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Plessner’s Philosophical Anthropology: From the Philosophy of Nature to Politics

Lookup NU author(s): Dr Michael Lewis



This work is licensed under a Creative Commons Attribution 4.0 International License (CC BY 4.0).


One of the most pressing tasks of contemporary thought is to think together the two discourses which have most fully developed the two poles of anthropogenesis in thinking the relation between biological life and the symbolic legal order: Lacanian psychoanalysis (often in conjunction with Hegelian and Marxian dialectics) and (anti-dialectical) post-Foucauldian biopolitics. Both could be described as forms of ‘philosophical anthropology’. In this essay, we investigate the work of one of the philosophical anthropologists from the discipline’s heyday in Weimar Germany, Helmuth Plessner, to illuminate the fundamental issues that confront any attempt to specify the human being and its linguistic and political essence on the basis of a philosophy of nature, in such a way as to pay heed equally to both the natural sciences and the human sciences. This will mark the first step in an attempt to specify the way in which one might bring together psychoanalysis and biopolitics in order to pursue the same task.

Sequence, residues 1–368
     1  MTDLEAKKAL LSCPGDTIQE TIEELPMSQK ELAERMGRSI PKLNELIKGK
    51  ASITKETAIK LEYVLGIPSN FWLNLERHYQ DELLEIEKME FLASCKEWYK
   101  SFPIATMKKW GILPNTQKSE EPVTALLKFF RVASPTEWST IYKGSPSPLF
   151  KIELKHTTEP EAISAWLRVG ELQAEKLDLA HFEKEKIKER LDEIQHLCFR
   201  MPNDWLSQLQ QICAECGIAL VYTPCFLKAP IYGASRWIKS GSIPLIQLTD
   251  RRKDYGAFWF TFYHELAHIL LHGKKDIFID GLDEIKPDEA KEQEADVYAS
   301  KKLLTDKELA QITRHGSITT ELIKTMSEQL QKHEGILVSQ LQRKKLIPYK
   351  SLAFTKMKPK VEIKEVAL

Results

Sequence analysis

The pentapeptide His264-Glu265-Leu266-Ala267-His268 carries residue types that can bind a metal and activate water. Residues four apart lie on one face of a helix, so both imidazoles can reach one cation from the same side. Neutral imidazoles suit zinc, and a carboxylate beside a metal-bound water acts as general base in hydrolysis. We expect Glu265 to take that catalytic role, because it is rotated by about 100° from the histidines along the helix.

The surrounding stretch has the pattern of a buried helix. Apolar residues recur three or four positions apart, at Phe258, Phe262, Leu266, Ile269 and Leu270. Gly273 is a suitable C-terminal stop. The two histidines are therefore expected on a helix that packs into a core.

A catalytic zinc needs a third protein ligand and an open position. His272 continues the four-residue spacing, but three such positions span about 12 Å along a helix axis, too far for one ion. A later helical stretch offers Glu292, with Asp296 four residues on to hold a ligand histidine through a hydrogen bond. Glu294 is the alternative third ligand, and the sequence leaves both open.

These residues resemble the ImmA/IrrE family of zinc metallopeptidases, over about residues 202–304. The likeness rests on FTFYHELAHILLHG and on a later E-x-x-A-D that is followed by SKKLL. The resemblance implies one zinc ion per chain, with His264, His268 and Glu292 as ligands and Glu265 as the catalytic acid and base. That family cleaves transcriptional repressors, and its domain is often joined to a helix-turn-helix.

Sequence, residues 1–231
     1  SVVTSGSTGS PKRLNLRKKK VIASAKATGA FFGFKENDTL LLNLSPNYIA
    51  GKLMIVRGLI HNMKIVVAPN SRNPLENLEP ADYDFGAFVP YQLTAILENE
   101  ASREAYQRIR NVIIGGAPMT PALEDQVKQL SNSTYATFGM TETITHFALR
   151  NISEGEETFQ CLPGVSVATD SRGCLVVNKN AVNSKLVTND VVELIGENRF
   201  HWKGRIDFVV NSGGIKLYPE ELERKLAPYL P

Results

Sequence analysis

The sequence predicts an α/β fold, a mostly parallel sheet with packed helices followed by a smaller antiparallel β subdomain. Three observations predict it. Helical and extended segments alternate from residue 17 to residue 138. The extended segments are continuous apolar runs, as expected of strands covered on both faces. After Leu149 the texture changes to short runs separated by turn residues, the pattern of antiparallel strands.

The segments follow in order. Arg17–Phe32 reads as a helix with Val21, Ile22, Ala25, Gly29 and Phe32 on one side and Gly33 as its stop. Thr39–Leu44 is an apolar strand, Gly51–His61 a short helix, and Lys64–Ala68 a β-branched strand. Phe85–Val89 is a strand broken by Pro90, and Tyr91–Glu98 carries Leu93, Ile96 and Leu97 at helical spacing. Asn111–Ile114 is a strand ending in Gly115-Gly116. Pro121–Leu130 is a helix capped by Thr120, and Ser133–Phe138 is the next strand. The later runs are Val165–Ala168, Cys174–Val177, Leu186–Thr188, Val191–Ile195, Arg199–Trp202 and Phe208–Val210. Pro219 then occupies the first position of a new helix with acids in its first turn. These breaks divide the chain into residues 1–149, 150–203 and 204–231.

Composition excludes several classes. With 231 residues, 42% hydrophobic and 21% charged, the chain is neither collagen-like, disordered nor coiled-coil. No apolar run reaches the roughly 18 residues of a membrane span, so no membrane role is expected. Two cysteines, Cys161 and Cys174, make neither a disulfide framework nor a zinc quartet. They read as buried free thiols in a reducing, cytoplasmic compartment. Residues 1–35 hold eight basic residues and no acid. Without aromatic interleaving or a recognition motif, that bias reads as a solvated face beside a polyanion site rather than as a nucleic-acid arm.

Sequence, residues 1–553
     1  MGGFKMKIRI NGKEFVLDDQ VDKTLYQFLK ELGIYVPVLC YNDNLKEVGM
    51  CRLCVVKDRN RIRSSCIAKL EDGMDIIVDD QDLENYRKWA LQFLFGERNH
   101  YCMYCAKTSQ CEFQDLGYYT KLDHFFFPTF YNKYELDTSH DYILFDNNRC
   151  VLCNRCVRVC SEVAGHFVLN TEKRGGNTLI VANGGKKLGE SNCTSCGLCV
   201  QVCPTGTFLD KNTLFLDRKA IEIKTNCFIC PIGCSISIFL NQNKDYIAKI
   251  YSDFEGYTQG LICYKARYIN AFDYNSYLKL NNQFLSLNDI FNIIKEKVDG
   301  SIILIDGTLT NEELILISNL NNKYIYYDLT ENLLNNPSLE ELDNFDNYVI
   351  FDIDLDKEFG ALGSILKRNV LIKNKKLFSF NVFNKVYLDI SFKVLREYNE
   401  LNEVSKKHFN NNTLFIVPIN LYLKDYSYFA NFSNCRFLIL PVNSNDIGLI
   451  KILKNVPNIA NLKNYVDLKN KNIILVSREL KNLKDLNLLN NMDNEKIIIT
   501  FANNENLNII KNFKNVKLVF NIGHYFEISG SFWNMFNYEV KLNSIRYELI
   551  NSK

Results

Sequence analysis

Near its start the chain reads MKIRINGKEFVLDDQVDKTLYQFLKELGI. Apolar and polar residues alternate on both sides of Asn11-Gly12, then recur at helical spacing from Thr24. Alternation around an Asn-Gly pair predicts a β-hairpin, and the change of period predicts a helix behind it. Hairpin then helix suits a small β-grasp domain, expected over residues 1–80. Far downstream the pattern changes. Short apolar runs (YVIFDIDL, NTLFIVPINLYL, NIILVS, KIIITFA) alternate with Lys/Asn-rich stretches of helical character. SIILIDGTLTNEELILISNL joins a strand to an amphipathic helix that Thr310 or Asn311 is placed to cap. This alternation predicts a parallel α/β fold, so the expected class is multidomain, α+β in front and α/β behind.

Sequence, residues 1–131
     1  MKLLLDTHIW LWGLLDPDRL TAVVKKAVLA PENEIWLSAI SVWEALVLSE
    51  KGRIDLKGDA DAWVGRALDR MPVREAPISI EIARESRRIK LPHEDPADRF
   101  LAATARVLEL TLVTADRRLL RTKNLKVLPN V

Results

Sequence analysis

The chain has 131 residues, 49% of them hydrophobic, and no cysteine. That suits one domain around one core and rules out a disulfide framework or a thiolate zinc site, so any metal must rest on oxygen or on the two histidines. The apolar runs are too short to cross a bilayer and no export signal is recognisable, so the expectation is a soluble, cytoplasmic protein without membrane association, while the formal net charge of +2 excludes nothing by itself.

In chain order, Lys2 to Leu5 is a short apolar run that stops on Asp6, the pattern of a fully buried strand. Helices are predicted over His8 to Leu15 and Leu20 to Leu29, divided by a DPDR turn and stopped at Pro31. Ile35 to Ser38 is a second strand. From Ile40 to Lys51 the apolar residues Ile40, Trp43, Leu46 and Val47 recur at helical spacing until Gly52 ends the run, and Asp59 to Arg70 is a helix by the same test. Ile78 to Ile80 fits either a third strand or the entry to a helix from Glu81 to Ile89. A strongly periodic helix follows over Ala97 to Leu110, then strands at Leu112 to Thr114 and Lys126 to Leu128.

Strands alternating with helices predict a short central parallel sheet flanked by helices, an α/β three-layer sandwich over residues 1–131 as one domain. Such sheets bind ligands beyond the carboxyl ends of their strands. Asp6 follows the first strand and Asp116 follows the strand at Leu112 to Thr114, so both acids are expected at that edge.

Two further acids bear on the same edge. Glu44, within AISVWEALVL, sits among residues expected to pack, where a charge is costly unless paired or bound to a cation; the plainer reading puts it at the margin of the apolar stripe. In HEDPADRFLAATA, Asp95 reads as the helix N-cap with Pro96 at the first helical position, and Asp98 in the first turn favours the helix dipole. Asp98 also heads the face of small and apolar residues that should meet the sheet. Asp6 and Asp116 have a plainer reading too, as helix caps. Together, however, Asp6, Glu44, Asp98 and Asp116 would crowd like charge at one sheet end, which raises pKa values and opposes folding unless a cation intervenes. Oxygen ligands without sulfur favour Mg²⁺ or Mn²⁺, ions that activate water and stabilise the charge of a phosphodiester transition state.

Publication metadata

Author(s): Lewis MA

Publication type: Article

Publication status: Published

Journal: Stasis

Year: 2020

Volume: 9

Issue: 1

Pages: 35-59

Print publication date: 25/07/2020

Acceptance date: 28/04/2020

Date deposited: 11/05/2020

ISSN (print): 2310-3817

ISSN (electronic): 2500-0721

Publisher: European University at St. Petersburg


DOI: 10.33280/2310-3817-2020-9-1-35-59



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